Pagination is just limiting the number of records loaded and displayed. Why should you let it get in your way while developing?
This is how you paginate on an ActiveRecord model:
Post.paginate :page => 1, :order => 'created_at DESC'
Most of the time it's as simple as replacing “find” with “paginate” and specifying the page you want.
Some resources to get you started:
Your mind reels with questions? Join our Google group;
Watch the will_paginate screencast by Ryan Bates.
Absolutely – although will_paginate started off as a Rails plugin, now it is a completely framework-agnostic library with support for Rails and Merb built-in. The core library doesn't have any dependences and you can safely use it in any Ruby code.
When will_paginate is loaded in an environment where ActiveRecord and ActionView are present, it automatically hooks into these frameworks to provide easy pagination on your models and in your views. The same mechanism works for Merb applications, too. But, if no known framework is present then you have absolute control over what parts of will_paginate do you want to load and where you want them mixed in.
In your Gemfile (if using Bundler):
gem 'will_paginate', '~> 3.0.beta'
Typical usage involves a paginating find in the controller:
@posts = Post.paginate :page => params[:page], :order => 'updated_at DESC'
It's true: paginate works just like find – it just doesn't fetch all the records. Don't forget to tell it which page you want, or it will complain! Read more in WillPaginate::Finders.
Render the posts in your view like you would normally do, and when you need to render pagination, just stick this in:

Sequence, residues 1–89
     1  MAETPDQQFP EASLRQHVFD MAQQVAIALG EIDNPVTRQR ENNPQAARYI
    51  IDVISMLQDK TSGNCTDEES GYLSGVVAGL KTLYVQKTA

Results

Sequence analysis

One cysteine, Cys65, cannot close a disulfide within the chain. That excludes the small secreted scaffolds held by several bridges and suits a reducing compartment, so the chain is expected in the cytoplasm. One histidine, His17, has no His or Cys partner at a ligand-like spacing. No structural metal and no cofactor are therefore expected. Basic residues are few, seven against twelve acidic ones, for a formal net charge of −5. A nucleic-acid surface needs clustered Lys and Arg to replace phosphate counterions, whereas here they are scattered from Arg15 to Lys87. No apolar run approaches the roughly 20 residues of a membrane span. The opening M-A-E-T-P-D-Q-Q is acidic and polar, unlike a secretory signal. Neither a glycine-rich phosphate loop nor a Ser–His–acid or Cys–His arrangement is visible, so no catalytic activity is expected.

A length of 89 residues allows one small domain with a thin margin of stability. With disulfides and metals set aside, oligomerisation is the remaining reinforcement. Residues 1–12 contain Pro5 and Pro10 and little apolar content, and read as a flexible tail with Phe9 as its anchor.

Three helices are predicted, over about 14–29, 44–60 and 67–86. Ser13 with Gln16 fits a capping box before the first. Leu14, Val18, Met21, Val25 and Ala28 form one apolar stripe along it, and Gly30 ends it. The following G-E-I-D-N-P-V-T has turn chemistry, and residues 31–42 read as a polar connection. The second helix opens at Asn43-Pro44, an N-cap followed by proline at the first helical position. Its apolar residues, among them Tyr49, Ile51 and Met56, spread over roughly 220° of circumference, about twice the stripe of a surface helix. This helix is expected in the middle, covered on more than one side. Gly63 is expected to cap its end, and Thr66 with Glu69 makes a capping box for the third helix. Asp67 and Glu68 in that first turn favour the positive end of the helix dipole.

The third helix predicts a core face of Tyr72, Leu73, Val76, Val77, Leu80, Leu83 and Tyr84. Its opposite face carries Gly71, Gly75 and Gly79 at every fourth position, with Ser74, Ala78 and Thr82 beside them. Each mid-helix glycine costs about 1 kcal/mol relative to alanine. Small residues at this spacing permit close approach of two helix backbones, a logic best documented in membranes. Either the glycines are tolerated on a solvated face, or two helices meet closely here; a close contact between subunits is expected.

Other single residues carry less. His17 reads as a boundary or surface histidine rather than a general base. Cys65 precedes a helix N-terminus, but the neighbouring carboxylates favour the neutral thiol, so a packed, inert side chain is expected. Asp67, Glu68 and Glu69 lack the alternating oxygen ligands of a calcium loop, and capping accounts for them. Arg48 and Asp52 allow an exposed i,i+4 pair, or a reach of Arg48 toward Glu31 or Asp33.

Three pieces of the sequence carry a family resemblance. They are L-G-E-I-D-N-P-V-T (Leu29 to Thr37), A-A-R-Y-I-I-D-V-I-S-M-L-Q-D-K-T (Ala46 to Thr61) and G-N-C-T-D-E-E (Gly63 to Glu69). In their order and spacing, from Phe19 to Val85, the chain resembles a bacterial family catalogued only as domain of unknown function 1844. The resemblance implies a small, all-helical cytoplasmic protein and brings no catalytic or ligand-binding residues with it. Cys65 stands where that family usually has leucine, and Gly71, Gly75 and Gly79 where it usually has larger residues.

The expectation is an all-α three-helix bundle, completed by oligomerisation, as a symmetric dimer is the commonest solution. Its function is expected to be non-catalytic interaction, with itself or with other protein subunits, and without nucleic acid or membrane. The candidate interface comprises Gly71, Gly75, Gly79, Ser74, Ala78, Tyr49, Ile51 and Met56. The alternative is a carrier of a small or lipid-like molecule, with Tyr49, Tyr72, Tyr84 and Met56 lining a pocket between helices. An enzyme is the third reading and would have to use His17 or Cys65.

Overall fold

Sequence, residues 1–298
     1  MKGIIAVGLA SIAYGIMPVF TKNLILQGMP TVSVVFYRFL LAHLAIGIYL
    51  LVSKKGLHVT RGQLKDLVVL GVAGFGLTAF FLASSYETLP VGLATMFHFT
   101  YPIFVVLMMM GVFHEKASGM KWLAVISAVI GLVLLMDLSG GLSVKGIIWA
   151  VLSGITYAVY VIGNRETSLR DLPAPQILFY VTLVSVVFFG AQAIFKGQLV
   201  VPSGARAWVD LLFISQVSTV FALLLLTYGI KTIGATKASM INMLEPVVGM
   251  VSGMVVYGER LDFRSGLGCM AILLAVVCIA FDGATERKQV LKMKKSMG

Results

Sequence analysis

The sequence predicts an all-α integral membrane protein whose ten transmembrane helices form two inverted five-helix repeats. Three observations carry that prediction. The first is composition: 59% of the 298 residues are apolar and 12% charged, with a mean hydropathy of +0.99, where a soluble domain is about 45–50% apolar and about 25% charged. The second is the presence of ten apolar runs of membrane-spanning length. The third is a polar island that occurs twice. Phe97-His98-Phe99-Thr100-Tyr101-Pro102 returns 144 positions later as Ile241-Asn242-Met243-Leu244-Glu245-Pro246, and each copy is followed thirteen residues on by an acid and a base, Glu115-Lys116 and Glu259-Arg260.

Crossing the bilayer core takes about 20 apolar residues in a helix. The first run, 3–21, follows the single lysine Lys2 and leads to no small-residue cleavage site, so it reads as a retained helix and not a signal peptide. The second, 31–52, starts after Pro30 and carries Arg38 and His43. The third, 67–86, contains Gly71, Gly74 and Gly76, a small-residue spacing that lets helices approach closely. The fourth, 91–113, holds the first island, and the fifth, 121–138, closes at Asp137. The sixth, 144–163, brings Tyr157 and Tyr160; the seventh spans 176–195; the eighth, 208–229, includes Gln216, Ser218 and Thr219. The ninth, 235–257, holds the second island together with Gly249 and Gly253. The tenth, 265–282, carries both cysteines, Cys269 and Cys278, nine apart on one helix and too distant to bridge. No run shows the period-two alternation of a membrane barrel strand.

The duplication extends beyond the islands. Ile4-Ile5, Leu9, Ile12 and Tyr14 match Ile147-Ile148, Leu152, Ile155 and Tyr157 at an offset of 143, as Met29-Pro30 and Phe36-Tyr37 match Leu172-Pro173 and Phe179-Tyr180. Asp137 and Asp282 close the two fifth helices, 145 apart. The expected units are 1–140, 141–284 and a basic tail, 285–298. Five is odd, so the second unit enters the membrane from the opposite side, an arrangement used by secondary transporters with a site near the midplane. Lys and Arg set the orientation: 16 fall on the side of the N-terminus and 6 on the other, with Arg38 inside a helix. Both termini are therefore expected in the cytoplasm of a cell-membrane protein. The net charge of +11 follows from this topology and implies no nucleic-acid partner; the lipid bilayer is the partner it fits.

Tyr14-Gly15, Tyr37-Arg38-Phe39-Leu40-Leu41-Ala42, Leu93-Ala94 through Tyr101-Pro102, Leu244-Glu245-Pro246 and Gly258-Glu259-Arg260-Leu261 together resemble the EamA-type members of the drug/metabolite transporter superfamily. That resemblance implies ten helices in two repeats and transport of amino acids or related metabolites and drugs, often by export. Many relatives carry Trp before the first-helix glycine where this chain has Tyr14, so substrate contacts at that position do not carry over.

<%= will_paginate @posts %>
You're done. Read more in WillPaginate::ViewHelpers::Base.
How does it know how much items to fetch per page? It asks your model by calling its per_page class method. You can define it like this:
class Post < ActiveRecord::Base self.per_page = 50 end
… or don't worry about it at all. WillPaginate defines it to be <strong>30</strong> by default. You can always specify the count explicitly when calling paginate:
Post.paginate :page => params[:page], :per_page => 50
The paginate finder wraps the original finder and returns your result set that now has some new properties. You can use the collection as you would use any other array. WillPaginate view helpers also need that collection object to be able to render pagination:
<ol> <% for post in @posts -%> <li>Render `post` in some nice way.</li> <% end -%> </ol> <p>Now let's render us some pagination!</p> <%= will_paginate @posts %>
The original author of will_paginate was PJ Hyett, who later handed over development to Mislav Marohnić. (The library was completely rewritten since then.)
All these people helped making will_paginate what it is now with their code contributions or just simply awesome ideas:
Chris Wanstrath, Dr. Nic Williams, K. Adam Christensen, Mike Garey, Bence Golda, Matt Aimonetti, Charles Brian Quinn, Desi McAdam, James Coglan, Matijs van Zuijlen, Maria, Brendan Ribera, Todd Willey, Bryan Helmkamp, Jan Berkel, Lourens Naudé, Rick Olson, Russell Norris, Piotr Usewicz, Chris Eppstein, Brandon Arbini, Denis Barushev, Paul Barry, Ben Pickles, Ken Collins, Lida Tang and Pieter Noordhuis.
There are example CSS styles to get you started on the will_paginate project page.
More reading about pagination as design pattern:
Pagination gallery featured on Smashing Magazine;
Pagination design pattern on Yahoo Design Pattern Library.
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